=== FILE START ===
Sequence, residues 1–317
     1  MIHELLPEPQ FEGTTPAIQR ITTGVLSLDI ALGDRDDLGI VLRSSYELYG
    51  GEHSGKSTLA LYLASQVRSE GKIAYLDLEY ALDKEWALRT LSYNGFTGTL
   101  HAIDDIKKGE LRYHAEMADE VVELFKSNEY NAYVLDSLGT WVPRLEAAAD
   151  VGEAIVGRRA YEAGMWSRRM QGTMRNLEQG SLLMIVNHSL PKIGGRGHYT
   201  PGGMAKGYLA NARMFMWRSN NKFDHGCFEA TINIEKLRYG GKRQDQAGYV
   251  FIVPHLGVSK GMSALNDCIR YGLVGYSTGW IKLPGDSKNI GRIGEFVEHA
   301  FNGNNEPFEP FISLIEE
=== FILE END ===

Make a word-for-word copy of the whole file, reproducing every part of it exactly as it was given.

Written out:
Sequence, residues 1–317
     1  MIHELLPEPQ FEGTTPAIQR ITTGVLSLDI ALGDRDDLGI VLRSSYELYG
    51  GEHSGKSTLA LYLASQVRSE GKIAYLDLEY ALDKEWALRT LSYNGFTGTL
   101  HAIDDIKKGE LRYHAEMADE VVELFKSNEY NAYVLDSLGT WVPRLEAAAD
   151  VGEAIVGRRA YEAGMWSRRM QGTMRNLEQG SLLMIVNHSL PKIGGRGHYT
   201  PGGMAKGYLA NARMFMWRSN NKFDHGCFEA TINIEKLRYG GKRQDQAGYV
   251  FIVPHLGVSK GMSALNDCIR YGLVGYSTGW IKLPGDSKNI GRIGEFVEHA
   301  FNGNNEPFEP FISLIEE